The discussion prompted by the Td dependence on the energy became a discussion on the freeze-out mechanism, which led Yogiro, Frederique Grassi and Takeshi Kodama to formulate the concept of continuous emission [23].

In paralell with the continuous emission project, Yogiro went on working on the initial conditions and the effect of fluctuations. This was the subject of the PhD work of Samya Paiva and generated a series of publications [24].

Recently, Xu and Kaneta [25] analyzing the pT spectra measured by the STAR collaboration in Au-Au collisions at RHIC, extracted the freeze-out temperature and found that Td falls very slowly with the energy, giving support to the conjecture advanced in [20].

In [20] there was also a prediction of how the dissociation temperature would fall with increasing atomic number: Td @ A-1/6. In recent years many collaborations developed the technique of selecting events according to their centrality. In practice this allows for a scan of several effective atomic numbers. Extracting the freeze-out parameters from pT distributions measured at different centralities, Molnar [26] could determine the Npart dependence of Td, which should have the same qualitative features of the A dependence. He finds a Td falling with Npart with a behavior very similar (even quantitatively!) to the one predicted in [20]. This behavior was not yet fully understood and certainly a detailed calculation with SPheRIO would be welcome.



In 2005, after a series of extensive measurements of elliptic flow and, in particular, of the coefficient v2 associated to it, a consensus was reached: the best way to understand the results was the with hydrodynamics [27,28]. We can clearly observe a change in the conferences and in the papers. Hydrodynamics was never taken so seriously before. The nature of the questions changed from "Is it possible that initial partons reach thermal equilibrium?'' to "How do they reach equilibrium?'' As it is always the case in the history of physics, there are other opinions too. However, this change in attitude towards hydrodynamics can probably be called a change of paradigm.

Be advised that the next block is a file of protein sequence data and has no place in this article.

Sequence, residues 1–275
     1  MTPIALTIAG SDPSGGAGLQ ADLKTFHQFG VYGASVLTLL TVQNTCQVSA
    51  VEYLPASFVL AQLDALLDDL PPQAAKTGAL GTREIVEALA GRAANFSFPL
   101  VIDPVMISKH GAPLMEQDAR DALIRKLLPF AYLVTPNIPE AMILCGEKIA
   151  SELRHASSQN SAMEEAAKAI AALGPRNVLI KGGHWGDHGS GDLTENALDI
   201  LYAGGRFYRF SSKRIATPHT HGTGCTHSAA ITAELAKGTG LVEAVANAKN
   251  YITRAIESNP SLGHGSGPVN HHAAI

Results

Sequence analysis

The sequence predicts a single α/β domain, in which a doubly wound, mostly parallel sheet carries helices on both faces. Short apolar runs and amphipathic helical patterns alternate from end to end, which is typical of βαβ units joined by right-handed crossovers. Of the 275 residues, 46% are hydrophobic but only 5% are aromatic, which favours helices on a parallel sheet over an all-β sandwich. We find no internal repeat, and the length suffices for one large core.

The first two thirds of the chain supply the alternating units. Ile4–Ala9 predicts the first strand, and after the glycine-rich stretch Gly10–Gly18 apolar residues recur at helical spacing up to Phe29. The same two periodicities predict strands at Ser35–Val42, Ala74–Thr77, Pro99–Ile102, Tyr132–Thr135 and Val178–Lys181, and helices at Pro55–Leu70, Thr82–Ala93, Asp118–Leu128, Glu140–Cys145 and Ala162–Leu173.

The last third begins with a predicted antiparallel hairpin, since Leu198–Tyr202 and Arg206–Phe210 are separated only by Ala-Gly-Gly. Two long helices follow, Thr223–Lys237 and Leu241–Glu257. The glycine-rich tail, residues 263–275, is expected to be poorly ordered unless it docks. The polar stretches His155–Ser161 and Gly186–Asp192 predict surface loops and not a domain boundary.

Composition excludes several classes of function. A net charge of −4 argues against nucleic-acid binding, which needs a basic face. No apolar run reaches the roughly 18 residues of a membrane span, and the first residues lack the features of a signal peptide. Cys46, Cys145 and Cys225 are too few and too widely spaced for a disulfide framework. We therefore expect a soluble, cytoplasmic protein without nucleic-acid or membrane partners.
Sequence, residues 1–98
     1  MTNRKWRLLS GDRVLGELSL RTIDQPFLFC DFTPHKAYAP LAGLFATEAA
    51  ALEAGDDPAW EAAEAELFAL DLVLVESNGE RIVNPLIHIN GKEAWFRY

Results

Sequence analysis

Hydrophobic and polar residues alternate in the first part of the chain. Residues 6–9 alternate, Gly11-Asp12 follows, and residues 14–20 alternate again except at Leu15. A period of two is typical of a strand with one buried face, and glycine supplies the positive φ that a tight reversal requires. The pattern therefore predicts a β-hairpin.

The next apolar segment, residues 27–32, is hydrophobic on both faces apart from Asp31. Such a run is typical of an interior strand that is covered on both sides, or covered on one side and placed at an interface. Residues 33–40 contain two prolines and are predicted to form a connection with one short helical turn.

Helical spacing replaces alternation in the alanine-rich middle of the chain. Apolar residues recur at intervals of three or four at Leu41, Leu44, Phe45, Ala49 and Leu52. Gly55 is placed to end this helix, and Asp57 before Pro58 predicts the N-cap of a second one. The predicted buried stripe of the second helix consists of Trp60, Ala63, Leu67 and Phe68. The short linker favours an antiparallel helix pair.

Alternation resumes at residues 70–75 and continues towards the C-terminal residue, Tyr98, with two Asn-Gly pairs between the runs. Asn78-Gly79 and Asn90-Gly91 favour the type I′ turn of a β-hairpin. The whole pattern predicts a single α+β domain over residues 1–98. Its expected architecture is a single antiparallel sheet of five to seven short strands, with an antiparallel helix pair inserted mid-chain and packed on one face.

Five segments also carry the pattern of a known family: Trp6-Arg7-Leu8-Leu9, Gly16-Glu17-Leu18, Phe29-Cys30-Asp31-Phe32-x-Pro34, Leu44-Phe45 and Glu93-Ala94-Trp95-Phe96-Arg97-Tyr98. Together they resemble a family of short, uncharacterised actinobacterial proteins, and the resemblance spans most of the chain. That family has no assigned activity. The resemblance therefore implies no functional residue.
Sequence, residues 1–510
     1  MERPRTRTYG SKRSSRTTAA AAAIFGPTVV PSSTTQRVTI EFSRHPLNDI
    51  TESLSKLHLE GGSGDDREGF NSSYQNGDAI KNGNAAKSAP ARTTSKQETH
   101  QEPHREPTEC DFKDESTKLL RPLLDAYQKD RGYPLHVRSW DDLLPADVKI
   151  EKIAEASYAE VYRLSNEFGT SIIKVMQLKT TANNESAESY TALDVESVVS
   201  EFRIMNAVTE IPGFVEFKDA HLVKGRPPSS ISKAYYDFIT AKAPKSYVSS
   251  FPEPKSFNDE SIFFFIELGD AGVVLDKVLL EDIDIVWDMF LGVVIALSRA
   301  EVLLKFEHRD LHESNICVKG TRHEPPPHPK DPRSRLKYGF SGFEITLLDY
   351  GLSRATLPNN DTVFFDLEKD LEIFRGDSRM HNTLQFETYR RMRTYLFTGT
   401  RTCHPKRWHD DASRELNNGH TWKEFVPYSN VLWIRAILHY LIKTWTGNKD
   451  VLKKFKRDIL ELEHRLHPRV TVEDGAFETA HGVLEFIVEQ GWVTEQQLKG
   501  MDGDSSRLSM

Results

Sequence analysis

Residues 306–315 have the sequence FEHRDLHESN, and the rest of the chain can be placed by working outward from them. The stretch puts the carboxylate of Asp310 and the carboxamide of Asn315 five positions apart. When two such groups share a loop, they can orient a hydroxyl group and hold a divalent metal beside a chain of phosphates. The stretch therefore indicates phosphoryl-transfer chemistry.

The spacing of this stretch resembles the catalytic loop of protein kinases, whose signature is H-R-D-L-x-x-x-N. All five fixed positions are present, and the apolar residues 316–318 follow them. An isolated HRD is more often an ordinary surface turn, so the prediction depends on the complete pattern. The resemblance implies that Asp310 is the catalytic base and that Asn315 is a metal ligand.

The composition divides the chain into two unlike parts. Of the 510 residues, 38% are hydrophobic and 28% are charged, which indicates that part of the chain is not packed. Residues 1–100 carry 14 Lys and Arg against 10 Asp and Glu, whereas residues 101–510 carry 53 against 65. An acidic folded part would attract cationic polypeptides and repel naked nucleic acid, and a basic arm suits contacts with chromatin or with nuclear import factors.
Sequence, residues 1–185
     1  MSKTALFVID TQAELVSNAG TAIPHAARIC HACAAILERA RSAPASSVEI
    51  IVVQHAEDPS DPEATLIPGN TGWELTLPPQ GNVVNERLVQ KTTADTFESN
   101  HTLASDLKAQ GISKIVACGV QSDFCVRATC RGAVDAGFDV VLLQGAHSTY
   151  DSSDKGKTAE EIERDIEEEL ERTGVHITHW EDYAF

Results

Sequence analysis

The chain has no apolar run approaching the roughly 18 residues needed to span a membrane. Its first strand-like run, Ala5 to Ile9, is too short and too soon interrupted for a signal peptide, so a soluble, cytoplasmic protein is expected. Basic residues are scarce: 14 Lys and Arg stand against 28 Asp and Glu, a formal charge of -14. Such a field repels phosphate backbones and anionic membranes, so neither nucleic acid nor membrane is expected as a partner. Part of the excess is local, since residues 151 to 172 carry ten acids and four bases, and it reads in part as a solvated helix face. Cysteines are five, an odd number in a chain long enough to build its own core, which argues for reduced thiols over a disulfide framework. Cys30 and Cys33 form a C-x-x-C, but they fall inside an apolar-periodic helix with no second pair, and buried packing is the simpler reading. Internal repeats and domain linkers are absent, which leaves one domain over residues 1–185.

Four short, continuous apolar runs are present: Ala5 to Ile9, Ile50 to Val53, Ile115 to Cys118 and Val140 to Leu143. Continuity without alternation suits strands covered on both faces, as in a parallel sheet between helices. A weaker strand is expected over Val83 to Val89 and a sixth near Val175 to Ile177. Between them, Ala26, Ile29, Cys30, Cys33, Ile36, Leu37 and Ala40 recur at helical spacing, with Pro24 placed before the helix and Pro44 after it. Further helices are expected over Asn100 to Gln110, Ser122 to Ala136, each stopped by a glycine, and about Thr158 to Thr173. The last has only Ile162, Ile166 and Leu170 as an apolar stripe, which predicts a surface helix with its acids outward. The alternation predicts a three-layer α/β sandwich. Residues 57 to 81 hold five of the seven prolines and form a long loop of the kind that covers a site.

A three - dimensional solution of the hydrodynamical equations, valid for non-central collisions, to be used with non-smooth initial conditions, able to incorporate event-by event fluctuations and with continuous particle emission: the work of a life! In 2005, as a recognition of his work on hydrodynamics, Yogiro was invited to give a plenary talk at "Quark Matter'', the central meeting in this field.

In the next year the Large Hadron Collider will start taking data and in a few years it will be running with heavy ions. Hotter, denser, larger and longer living systems will be formed. There is certainly a future for hydrodynamics, a future to which Yogiro's contribution will have been influential.